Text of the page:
Women make up the majority of the population in South Africa at 51% and one would think this would play a major role in ensuring the safety and equality of women but this is still not the case. South Africa has definitely progressed – according to World Economic Forum, SA is ranked the 17th out of 136 countries in terms of gender equality. Why then is violence against women still so prevalent and the gender pay gap so large? Here are some revealing insights:
1. Almost as many South African women as men believe it is acceptable to hit a woman
There’s a perception that gender inequality is only perpetuated by men but the recent “Crime against women in South Africa” report released by Statistics South Africa in June 2018 proved otherwise. The report published results of a survey where 3.3% of men and 2.3% of women believed it is acceptable for a man to hit a woman. The report found: “The highest percentage of individuals thought it was acceptable for a man to hit a woman if she argues with him‚ and the lowest percentage of individuals thought it was acceptable for a man to hit a woman if she burns food.”
2. The murder rate of women increased by 117% between 2015 and 2016/17
According to the Stats SA report, the number of women who were murdered in the past year increased by 117%. This is despite the fact that the murder rates of men and women declined between 2000 and 2015. The highest number of murders of women were at the hands of their intimate partners.
3. Sexual offenses against women have more than doubled in one year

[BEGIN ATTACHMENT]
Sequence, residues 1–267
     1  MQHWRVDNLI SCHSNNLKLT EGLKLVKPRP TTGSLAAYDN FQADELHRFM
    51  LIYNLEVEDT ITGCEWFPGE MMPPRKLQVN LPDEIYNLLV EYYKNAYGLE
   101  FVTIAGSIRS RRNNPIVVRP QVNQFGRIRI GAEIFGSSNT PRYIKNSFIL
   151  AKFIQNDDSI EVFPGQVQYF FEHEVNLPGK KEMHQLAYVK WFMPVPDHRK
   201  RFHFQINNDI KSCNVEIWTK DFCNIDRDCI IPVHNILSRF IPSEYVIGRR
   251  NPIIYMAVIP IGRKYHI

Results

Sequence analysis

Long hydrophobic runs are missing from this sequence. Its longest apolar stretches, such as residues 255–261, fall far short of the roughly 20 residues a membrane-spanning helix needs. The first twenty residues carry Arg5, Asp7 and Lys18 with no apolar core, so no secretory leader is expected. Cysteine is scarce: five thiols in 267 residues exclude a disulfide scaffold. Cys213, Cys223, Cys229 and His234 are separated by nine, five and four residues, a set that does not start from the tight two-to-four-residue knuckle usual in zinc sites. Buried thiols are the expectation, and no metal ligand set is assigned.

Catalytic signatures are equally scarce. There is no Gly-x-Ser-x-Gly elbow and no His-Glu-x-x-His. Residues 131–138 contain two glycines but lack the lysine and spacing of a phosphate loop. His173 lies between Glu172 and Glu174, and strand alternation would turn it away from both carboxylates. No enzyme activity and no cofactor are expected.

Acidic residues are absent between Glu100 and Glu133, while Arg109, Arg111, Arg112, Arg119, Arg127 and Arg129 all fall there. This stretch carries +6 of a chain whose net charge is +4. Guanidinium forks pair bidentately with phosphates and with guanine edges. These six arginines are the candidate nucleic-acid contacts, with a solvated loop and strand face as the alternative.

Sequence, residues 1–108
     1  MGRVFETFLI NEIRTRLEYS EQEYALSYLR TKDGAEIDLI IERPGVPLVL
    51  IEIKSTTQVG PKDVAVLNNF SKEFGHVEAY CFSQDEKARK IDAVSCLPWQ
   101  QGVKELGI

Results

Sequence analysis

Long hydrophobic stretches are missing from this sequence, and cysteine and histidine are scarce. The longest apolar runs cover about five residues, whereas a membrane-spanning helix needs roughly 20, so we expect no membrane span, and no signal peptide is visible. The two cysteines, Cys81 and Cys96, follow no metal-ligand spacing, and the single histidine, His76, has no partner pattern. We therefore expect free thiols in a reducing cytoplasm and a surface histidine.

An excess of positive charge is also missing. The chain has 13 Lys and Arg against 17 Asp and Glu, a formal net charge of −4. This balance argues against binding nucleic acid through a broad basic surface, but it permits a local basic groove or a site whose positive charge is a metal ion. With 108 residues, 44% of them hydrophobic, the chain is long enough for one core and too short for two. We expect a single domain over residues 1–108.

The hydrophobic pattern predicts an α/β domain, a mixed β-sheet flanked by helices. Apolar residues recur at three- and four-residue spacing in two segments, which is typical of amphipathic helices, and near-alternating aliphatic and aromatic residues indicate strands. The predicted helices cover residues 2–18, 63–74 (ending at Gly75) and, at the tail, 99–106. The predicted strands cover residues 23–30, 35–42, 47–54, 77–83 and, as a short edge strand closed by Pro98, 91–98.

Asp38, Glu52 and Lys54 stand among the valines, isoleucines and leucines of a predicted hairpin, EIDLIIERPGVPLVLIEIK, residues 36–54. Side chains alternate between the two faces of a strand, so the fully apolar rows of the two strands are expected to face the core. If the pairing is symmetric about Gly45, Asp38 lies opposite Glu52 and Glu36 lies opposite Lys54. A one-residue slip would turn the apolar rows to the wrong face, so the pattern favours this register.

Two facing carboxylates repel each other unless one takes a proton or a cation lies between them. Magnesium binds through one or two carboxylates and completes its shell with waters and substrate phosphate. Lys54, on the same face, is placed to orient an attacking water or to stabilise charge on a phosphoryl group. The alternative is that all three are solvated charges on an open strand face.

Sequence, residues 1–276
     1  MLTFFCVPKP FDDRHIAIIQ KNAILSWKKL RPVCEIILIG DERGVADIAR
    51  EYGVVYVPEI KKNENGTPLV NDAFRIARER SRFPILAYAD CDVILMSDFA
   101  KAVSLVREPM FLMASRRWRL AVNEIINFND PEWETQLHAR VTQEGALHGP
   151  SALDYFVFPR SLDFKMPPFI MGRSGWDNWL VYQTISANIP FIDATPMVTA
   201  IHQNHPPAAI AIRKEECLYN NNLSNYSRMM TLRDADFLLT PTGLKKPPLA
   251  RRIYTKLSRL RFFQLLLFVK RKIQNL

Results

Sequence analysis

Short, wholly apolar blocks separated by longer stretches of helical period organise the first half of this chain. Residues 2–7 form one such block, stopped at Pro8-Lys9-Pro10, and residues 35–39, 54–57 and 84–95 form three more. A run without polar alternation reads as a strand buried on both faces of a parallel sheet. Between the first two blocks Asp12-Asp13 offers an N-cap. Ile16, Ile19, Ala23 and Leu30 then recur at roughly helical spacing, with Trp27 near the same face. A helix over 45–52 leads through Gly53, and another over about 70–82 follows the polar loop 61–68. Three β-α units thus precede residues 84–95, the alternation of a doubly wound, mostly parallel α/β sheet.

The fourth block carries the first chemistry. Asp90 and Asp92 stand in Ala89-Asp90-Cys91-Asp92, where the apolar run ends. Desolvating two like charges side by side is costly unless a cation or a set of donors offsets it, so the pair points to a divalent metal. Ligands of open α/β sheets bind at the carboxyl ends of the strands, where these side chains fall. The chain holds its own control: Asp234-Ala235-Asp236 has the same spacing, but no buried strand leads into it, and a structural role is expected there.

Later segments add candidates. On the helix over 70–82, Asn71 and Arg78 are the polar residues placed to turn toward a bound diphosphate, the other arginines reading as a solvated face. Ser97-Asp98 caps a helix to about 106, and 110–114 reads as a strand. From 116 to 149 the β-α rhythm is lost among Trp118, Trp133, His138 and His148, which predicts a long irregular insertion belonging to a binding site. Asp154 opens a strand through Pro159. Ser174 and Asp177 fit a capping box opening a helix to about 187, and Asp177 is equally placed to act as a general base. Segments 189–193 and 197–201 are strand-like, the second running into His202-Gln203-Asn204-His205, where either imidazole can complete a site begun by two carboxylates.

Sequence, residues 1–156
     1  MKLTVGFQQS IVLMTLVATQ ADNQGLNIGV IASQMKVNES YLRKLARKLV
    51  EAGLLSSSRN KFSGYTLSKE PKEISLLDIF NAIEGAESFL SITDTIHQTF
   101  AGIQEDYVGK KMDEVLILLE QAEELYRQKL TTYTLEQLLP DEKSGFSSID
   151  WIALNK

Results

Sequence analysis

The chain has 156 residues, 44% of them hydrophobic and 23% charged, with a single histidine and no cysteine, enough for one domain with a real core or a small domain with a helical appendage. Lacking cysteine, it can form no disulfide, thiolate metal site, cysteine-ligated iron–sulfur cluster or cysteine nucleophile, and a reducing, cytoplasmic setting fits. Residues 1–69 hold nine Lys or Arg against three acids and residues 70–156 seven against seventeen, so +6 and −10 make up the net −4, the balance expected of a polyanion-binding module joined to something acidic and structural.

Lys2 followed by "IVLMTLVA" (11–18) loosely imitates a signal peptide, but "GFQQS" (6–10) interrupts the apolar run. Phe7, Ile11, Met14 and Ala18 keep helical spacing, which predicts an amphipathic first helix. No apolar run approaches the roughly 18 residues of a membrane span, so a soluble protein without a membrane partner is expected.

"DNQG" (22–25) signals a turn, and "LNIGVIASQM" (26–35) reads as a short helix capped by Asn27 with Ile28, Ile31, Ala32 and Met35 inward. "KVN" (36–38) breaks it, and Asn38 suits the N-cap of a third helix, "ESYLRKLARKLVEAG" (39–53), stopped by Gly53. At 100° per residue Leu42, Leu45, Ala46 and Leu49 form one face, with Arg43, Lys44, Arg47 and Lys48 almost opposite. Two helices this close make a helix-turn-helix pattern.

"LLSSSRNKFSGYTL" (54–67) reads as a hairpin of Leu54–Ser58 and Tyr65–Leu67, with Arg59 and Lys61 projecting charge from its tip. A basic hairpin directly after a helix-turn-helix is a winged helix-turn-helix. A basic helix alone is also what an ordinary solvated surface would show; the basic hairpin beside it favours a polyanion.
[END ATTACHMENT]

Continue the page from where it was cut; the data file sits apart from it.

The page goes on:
— #TheTotalShutdown (@WomenProtestSA) August 6, 2018
Women who experienced sexual offenses jumped from 31 665 in 2015/16 to 70 813 in 2016/17, an increase of 53%. The 2016/17 “Victims of Crime” report revealed that 250 in 100 000 women were victims of sexual offenses compared to 120 in 100 000 men. “These are drastic increases in less than 24 months,” said the report.
4. South Africa has the sixth largest pay gap between men and women in Africa
Most countries in the world have failed to decrease the pay gap between men and women and SA is no different. According to a report by the World Economic Forum South Africa, men make on average $558 (R6‚607.25) more than women per month. It is estimated that the current economic gap between men and women won’t close for a projected 217 years. Liberia has almost no gap in pay between men and women. Code for Africa has an online tool where users can explore the gender pay gap between men and women in Africa.